If you are only used to more recent recordings the opening will come as a shock and the shock will hardly leave you as the work proceeds. Mengelberg is more mannered and more moulded than anyone else, with sharply accentuated tempo changes forward and back, often in the space of a few bars. This extreme interventionism continues right through the work but in the first movement especially. Passages of nostalgic repose are delivered with every ounce of care and feeling, wrung from them like ripe fruit being made to yield every drop of juice. The movement contains a double Exposition and it's in the second of these you also hear the full treatment of string slides the era this performance comes from, and which Mengelberg's and Mahler's audiences would have been used to and have expected, provides. But Mengelberg is good at the menacing shadows of the work, the lyricism and the nostalgia. Though I do wonder how much we today have ears that can take the bar-to-bar control he exercises, however brilliantly or authentically. In spite of his interventions, though, the underlying pulse of the music never flags. You know Mengelberg's intimate knowledge of this music, and that of his orchestra with it and his methods, means there is clear vision right through and it's this which ultimately saves the recording and makes for a remarkable experience. In the centre of the movement comes one of the few points of real crisis as the music is whipped into a dissonance that comes down on a trumpet fanfare Mahler will later recall at the start of his Fifth Symphony. Mengelberg's treatment of this shows him aware of the link forward, but he is also aware enough of the internal structure of the movement to make the clinching climax that follows it soon after more imposing where nostalgia and good humour carry the day. Following this, Mengelberg's second movement sees very much the same approach. He invests every bar with character and detail. We also hear what a superb instrument the pre-war Concertgebouw was and how at home they were with Mahler's music. Note especially the mellow sound of the superb principal horn. In general this is an orchestral style and sound now lost in an age where orchestras sound alike.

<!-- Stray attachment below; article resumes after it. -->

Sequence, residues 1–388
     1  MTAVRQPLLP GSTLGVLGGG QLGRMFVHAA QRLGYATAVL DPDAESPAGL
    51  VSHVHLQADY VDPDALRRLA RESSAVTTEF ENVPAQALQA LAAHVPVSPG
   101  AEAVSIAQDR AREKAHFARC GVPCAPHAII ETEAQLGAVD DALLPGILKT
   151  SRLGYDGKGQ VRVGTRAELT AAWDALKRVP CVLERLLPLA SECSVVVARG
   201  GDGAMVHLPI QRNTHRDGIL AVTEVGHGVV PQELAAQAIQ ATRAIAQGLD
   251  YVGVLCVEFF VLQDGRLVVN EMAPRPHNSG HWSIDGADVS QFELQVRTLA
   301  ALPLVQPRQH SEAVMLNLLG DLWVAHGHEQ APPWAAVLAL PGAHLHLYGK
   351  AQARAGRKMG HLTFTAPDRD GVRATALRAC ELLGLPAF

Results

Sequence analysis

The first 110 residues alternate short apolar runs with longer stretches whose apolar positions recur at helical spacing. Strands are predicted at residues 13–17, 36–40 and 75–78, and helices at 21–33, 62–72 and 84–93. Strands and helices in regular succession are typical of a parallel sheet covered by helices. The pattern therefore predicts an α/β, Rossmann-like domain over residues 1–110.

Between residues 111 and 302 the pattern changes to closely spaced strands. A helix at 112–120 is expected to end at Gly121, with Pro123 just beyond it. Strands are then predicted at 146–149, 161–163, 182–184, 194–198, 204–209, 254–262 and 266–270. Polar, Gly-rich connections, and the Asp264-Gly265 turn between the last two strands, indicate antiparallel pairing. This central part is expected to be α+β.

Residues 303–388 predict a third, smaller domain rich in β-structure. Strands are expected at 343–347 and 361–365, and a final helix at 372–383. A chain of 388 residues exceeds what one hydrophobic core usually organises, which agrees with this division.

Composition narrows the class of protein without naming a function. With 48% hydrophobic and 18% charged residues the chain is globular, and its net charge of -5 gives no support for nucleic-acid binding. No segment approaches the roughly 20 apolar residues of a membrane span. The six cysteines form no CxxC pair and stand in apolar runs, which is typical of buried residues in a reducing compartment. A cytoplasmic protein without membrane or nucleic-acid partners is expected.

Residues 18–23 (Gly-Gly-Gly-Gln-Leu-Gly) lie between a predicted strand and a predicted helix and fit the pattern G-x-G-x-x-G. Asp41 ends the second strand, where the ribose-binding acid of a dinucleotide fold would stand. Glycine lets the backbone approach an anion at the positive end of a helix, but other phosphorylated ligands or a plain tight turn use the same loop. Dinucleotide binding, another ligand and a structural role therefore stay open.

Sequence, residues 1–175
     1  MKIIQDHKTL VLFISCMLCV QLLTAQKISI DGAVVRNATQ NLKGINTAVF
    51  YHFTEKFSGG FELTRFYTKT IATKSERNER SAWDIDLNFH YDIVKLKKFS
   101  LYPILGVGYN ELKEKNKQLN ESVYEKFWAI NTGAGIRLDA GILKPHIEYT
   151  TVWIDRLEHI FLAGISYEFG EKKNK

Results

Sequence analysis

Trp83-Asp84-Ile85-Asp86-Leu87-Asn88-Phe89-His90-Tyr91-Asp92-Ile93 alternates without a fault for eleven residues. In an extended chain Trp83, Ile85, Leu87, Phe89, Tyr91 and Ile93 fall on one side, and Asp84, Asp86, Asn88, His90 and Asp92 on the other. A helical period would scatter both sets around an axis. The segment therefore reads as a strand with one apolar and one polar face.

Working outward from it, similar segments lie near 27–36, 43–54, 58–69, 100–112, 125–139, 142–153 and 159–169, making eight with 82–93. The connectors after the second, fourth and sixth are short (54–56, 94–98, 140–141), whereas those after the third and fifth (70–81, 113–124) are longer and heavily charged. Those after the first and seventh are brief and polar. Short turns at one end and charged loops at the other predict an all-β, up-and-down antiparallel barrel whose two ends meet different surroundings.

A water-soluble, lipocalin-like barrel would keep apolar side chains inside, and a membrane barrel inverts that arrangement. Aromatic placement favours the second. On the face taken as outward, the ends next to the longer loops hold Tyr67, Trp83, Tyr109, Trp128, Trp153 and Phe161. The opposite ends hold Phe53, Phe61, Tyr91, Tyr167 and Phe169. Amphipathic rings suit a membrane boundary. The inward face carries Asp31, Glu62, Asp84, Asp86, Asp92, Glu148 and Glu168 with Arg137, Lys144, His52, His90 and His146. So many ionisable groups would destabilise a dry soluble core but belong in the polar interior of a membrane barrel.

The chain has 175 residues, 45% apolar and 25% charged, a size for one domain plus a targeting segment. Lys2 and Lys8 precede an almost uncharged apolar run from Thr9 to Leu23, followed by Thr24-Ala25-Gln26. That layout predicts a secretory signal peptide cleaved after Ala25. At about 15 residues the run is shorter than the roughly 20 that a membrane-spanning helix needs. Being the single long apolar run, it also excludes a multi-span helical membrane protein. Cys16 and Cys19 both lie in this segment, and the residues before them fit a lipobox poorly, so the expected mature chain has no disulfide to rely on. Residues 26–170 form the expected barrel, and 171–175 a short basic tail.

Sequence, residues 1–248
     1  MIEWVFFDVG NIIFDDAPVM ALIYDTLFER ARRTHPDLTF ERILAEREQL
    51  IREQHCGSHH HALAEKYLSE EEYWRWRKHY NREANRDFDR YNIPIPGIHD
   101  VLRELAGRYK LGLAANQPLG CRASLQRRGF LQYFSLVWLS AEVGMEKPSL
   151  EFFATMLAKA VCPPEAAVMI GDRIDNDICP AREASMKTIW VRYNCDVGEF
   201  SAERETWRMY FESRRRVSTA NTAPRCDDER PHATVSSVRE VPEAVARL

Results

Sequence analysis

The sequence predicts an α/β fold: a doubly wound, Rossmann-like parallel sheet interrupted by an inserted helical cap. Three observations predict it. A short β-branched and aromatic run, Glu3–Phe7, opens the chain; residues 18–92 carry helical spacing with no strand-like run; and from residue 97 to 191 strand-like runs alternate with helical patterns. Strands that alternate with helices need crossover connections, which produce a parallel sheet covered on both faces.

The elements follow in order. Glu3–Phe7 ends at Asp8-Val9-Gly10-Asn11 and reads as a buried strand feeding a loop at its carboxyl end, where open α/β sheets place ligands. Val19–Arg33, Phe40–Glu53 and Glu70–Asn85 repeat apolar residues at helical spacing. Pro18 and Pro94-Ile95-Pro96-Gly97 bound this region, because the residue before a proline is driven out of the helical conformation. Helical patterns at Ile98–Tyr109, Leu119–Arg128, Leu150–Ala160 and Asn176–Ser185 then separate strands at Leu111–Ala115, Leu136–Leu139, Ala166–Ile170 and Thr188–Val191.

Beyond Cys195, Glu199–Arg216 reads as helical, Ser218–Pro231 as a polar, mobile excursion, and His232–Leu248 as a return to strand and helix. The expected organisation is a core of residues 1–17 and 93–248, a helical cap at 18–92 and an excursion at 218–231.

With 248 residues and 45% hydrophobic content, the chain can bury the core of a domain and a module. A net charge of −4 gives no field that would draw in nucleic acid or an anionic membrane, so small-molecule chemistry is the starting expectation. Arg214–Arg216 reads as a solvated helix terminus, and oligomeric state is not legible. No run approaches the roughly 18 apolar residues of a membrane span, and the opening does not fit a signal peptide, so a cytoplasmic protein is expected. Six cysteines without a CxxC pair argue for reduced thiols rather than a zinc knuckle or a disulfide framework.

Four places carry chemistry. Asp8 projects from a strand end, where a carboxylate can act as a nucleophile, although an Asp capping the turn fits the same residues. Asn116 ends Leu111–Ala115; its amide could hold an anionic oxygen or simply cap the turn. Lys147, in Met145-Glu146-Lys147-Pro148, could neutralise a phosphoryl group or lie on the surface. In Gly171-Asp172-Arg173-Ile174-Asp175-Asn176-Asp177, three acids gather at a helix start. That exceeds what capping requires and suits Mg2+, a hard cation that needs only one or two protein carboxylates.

Following concert performances in October 1970, Jascha Horenstein went into Barking Town Hall in London with the London Philharmonic to record the Fourth (in between bursts from pneumatic drills doing road works in the street outside). This was to be one of the first recordings for the new Classics For Pleasure bargain LP label and the result was musically deeply satisfying even though the sound on the LP left a lot to be desired. For what ever reason, the recording failed to sell very well so was never really considered among the recommended versions in the way others have been down the years. Then for a long time it was out of the catalogue leading many to be unaware of its existence until a fine remastering job was done for an LP reissue by CFP in the 1980s. Now that remastering has been reissued for CD (5 74882 2) and it can more than hold up its head among the greats at last. Horenstein's first movement starts out a degree more distanced than Kubelik's, less distinctive, but just as aware of the work's special tone colouring. Compared with Kubelik, Horenstein is more "through-thought" and symphonic, preferring a slightly tighter rein on proceedings. So this is not a performance in the Mengelberg tradition. Horenstein was a different kind of conductor even though he admired the Dutchman. Even so, this is Horenstein more unbuttoned than we are perhaps used to, showing what anyone who has ever heard his recordings of Viennese Waltzes knows that he can charm and beguile with the best of them. Listen to the way he gets his cellos to slide if you want more convincing, for example. In the Development a slight hesitancy pays off in introducing a degree of trepidation. As if, master of the developing argument that he was, Horenstein makes us aware that the one true crisis in this work is casting a very long shadow back. His slower tempo, judged to near perfection, allow for the ghosts to peek out from the filigree with real drama and the climax itself to be grand and imposing. So the first movement under Horenstein is remarkable for its structural integrity, breadth, but also charm, delicacy and feelings of menace. Again in the second movement Horenstein is that bit more distanced from the music than Kubelik and some others - his woodwind not quite as prominent and his tempo just that little broader - but this approach is not to be discounted. By keeping a degree of distance Horenstein seems to accentuate the dream-like quality. His clarinets chuckle wonderfully and there is a trace of elegy in the Trios Kubelik misses rather. More nostalgia with Horenstein, I think. I also like the way the music seems to be fading into the distance as the movement draws to a close. It is as if we are walking away from the scene.
Essay about Hard Work Pays Off - 695 Words - …
No matter what you do or when you do it, hard work always pays off in the end. Hard work is what we have to do if we plan on going or doing anything in this life. We cannot sit back and take it easy all the time, we have to get out there and work for what we want. When we have to put forth hard work then you know the rewards will be that much greater. I’m here to tell you that hard work always pays off in the end. Hard work is what you have to do if you want to achieve the rewards from the effort you put forth.